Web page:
3. Conserve water with low-flow fixtures

Depending on how old the toilets in your office are, you could be wasting upwards of seven gallons of water with every flush. Standard new models use substantially less (1.6 gallons per flush), but they still account for a substantial water use over time. You can save your company 20 to 60 percent on water utilities simply by investing in new low-flow fixtures. Also, make sure to have all of your plumbing fixtures checked for leaks and drips, as a drippy faucet or running toilet can end up costing you significantly over time.

4. Allow employees to telecommute

A vast majority, 86.1 percent, of Americans commute to work via personal automobile. At the same time, fossil fuel use accounts for 57 percent of global greenhouse gas emissions. Add these two facts together, and you have a smoking gun indicating that the average employee commute is doing serious damage to the planet. Now, consider for a moment just how many of your employees really need to come into work every day. We live in the age of communication, and a large percentage of the workforce could easily do their jobs from in front of their own home computer.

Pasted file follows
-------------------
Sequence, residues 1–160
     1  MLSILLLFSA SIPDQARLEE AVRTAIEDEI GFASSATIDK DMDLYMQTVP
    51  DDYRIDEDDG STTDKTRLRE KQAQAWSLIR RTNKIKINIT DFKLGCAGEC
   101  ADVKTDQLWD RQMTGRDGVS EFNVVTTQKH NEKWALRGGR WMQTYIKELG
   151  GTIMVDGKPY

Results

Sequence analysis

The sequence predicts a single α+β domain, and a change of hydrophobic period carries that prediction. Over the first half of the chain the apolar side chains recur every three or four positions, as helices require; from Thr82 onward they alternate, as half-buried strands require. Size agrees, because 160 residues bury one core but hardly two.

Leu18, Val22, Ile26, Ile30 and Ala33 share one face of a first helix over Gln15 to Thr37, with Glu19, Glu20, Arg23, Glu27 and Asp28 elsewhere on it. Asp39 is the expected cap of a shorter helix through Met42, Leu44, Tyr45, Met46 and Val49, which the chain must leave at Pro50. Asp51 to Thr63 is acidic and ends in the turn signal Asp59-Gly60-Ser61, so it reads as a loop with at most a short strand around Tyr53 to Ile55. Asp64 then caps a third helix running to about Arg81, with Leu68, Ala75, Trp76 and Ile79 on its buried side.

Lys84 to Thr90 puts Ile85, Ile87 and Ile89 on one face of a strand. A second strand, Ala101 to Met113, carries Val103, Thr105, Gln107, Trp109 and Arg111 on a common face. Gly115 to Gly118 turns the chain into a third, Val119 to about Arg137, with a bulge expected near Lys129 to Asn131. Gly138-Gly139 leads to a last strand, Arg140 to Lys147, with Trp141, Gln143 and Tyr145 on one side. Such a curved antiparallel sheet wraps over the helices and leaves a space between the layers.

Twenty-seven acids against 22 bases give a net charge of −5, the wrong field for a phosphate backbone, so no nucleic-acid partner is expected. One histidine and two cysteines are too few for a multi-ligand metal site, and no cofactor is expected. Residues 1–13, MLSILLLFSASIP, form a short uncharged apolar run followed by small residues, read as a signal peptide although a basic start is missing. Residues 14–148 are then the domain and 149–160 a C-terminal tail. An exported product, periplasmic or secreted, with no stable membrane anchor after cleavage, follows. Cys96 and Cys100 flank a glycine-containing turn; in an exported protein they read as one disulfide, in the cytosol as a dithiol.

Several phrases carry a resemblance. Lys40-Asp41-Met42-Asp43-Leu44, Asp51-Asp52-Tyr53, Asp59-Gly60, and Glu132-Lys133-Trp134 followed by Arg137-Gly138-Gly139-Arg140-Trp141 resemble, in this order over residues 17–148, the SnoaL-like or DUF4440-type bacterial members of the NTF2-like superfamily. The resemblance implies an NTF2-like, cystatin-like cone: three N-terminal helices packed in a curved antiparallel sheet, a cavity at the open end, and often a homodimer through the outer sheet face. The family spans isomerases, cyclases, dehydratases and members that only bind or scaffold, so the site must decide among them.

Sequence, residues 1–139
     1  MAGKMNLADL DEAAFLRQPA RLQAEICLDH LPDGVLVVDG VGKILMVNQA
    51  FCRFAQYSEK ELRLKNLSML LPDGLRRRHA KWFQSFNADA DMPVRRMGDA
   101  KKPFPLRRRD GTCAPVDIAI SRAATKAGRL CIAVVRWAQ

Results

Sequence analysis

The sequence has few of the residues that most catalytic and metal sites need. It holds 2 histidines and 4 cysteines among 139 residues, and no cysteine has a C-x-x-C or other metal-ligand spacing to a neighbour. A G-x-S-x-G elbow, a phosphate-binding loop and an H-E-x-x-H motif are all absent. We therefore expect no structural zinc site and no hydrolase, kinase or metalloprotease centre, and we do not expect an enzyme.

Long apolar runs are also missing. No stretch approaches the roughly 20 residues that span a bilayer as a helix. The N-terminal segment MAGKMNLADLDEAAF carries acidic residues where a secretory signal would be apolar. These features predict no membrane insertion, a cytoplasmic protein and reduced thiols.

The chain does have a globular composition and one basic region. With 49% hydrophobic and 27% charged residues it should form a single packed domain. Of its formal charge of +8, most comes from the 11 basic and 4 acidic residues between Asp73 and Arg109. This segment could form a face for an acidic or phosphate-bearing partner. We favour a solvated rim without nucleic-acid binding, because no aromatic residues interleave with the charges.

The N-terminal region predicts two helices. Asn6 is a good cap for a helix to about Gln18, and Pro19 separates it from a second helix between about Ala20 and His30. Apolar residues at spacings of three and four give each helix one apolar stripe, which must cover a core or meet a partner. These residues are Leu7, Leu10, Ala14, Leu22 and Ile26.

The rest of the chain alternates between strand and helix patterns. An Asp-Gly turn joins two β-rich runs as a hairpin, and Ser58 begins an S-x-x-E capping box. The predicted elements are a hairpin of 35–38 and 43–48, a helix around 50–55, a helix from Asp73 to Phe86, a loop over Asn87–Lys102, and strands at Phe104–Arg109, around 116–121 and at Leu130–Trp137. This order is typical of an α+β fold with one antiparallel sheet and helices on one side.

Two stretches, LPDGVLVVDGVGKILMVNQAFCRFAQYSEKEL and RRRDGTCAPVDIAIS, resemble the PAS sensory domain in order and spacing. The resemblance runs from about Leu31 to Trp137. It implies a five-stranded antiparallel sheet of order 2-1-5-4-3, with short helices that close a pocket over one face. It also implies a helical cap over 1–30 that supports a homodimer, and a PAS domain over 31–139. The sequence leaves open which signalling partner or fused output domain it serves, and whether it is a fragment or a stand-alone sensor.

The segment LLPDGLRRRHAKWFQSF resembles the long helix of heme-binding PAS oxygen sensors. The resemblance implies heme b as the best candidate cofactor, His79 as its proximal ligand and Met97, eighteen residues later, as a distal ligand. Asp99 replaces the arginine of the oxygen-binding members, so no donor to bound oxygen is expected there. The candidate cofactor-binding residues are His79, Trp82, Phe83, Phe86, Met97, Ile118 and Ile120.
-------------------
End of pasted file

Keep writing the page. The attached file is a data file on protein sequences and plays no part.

Nowadays employees can use cloud computing to access important files, oversee customer relationship management and contact management software systems, and even correspond with the rest of the company. This would reduce (or even eliminate) issues surrounding office energy, water, and paper use. It would also go a long way towards decreasing daily carbon emissions. Despite all of this, many employers still cling to the outdated practice of forcing their workers to come to the office every day. You can break the cycle and allow your employees to telecommute; it will save your office money, and will help the environment at the same time.

5. Promote green business practices to your colleagues

Once you’ve gotten your own organization as green as it can be, your next step is to promote green practices in the companies that you do business with. There’s no special formula here; just familiarize yourself with other companies, and only do business with those who are striving to meet green standards. As environmentally-unfriendly businesses start to see a drop in profits, they’ll have more incentive go green, and you’ll have made an even greater impact than you ever could alone.

Hey, your business can produce more than just profits, products, and environmental problems; with a bit of effort and a focus on the planet, you can turn your company into a well-oiled green machine, and if you end up saving a bit of money in the process, well, that doesn’t make it any less noble.

Dennis Hung is a freelance writer and business consultant. He’s spent the last ten years of his career focusing on writing about businesses and their best practices.